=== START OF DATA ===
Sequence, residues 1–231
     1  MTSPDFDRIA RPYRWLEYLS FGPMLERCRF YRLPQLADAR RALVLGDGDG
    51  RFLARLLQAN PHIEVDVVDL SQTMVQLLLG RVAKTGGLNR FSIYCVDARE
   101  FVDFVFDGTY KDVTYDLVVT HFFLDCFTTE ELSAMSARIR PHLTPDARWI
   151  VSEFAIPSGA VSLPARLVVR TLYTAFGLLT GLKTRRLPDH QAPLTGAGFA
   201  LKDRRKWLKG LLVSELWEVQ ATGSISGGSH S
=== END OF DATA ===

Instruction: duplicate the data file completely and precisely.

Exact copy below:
Sequence, residues 1–231
     1  MTSPDFDRIA RPYRWLEYLS FGPMLERCRF YRLPQLADAR RALVLGDGDG
    51  RFLARLLQAN PHIEVDVVDL SQTMVQLLLG RVAKTGGLNR FSIYCVDARE
   101  FVDFVFDGTY KDVTYDLVVT HFFLDCFTTE ELSAMSARIR PHLTPDARWI
   151  VSEFAIPSGA VSLPARLVVR TLYTAFGLLT GLKTRRLPDH QAPLTGAGFA
   201  LKDRRKWLKG LLVSELWEVQ ATGSISGGSH S